Canker sores develop on the soft tissues inside the mouth, such as the lips or gums. These minor annoyances are known to make eating, speaking, and taking care of one’s mouth difficult.
The majority of sores will go away in a week or two, but during this period they can be very uncomfortable and painful. While some topical ointments could make you feel less uncomfortable and cut the length of your canker sore, this isn’t always the case for everyone and in every circumstance.
Causes of Canker sore:
It can be difficult to determine the exact cause of a canker sore. In simple cases, the most common causes are stress or minor mouth injuries. Here are some more possible triggers:
- Fruits and vegetables that are acidic
- Changes in hormones
- Autoimmune disorders
- Deficiencies in vitamins or minerals.
- A sharp toothbrush, a sharp tooth surface, a dental appliance, or an ill-fitting denture can all cause canker sores.
- Recurrent sores are frequently attributed to a lack of B12, zinc, iron, or folic acid, but underlying health issues may also be to blame.
- Patients with immune system diseases such as AIDS, lupus, and inflammatory bowel disease may develop complex sores. If you have recurring sores, tell your dental hygienist.
Get Rid of Canker Sores Quickly:
There are numerous home remedies and over-the-counter medications that can be used to aid in the healing process.
A persistent case of canker sores can also be treated with stronger prescription medication from your dentist or doctor.
- Ice: Ice is an excellent way to reduce inflammation, particularly for lip sores. To avoid frostbite, wrap ice in a cloth or towel. The cold will also help to relieve pain.
- Antibacterial mouthwash:
A medicated rinse may be the best treatment for persistent or severe sores. Mouthwashes containing dexamethasone are excellent for treating multiple sores. Dexamethasone is a cortisone-like medication used to treat inflamed areas.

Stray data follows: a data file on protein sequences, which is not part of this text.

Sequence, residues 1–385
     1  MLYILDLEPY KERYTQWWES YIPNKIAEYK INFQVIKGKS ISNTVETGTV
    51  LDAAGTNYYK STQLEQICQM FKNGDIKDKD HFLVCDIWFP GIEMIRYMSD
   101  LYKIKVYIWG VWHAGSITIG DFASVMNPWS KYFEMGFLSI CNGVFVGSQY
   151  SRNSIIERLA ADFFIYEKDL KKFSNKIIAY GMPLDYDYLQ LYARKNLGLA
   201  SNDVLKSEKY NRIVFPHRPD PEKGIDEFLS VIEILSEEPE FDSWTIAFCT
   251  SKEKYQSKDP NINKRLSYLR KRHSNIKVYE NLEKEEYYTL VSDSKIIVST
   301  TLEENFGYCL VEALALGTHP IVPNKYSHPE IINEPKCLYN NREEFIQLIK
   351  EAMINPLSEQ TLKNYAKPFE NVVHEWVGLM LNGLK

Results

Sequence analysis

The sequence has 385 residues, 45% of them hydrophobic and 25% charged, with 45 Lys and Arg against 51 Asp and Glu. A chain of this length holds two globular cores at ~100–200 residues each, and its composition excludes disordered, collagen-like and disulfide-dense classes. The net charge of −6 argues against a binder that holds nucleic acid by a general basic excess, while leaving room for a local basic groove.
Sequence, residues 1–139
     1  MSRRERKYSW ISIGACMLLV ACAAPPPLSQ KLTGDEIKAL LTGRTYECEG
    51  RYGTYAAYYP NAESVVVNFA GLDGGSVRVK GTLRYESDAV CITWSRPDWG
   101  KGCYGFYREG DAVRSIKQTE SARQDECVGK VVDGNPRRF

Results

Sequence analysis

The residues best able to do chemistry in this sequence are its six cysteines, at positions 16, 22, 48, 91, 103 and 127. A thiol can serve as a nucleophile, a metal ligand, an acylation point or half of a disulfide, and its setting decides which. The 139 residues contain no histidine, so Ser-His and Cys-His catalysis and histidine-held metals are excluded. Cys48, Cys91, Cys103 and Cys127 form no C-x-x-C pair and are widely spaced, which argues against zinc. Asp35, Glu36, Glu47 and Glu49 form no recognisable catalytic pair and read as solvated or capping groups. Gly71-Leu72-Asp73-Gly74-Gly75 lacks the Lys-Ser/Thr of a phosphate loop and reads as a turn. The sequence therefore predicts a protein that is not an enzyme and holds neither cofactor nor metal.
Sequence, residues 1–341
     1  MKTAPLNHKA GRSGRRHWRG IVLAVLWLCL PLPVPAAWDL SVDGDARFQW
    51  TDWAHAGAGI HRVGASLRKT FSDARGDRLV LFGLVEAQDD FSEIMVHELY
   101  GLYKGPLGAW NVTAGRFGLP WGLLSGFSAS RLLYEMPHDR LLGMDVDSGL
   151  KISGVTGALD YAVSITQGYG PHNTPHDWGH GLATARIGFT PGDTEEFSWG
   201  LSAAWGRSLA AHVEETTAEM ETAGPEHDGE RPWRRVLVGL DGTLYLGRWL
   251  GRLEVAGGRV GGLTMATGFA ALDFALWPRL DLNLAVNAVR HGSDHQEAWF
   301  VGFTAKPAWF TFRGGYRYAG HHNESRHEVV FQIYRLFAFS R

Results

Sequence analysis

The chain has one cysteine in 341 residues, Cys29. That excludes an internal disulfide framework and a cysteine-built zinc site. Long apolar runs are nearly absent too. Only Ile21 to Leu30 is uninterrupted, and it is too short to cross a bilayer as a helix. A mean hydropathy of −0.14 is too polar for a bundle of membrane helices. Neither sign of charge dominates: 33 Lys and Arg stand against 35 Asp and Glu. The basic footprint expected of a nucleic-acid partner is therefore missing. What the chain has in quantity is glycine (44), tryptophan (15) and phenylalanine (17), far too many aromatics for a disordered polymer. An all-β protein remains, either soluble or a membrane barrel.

Tetracycline mouthwashes have been shown in studies to reduce pain in as little as 24 hours and cut healing time in half. Antibiotic or corticosteroid mouthwashes must be prescribed, so consult your dentist or doctor.
- Use saltwater to gargle: combine 1/4 to 1/2 teaspoon of salt with warm water. Swish water around in your mouth for 20-30 seconds before spitting it out.
- Oral gels to relieve the pain of canker sores.
- If your sore does not heal after trying all of these remedies, it is time to see a dentist. If a sore lasts more than 14 days or even longer, if it appears to worsen, if an unusual growth in size is observed, if you notice frequent outbreaks of sores, if they become extremely painful over time, or if they are accompanied by a high fever, contact your dentist.
- Early evaluation and detection can assist you in alleviating your discomfort and pain. So don’t wait any longer and get rid of your sore.
How to Avoid Aggravating a Canker Sore?
- Keep your toothbrush away from it.
- Avoid foods that will aggravate your sore, such as crunchy, dry, spicy, or acidic foods. Citrus and tomatoes, in particular.
- Apply wax to brackets adjacent to the sore if you have braces to reduce rubbing. If your braces or dentures continue to cause discomfort and sores, your dentist may be able to make the necessary adjustments.
- Avoid toothpaste containing sodium lauryl sulphate. You may be allergic to this ingredient.
- Avoid stress, as it makes easy for sores to form and irritate your mouth.
- If you are sick, the chances are high for sores to form.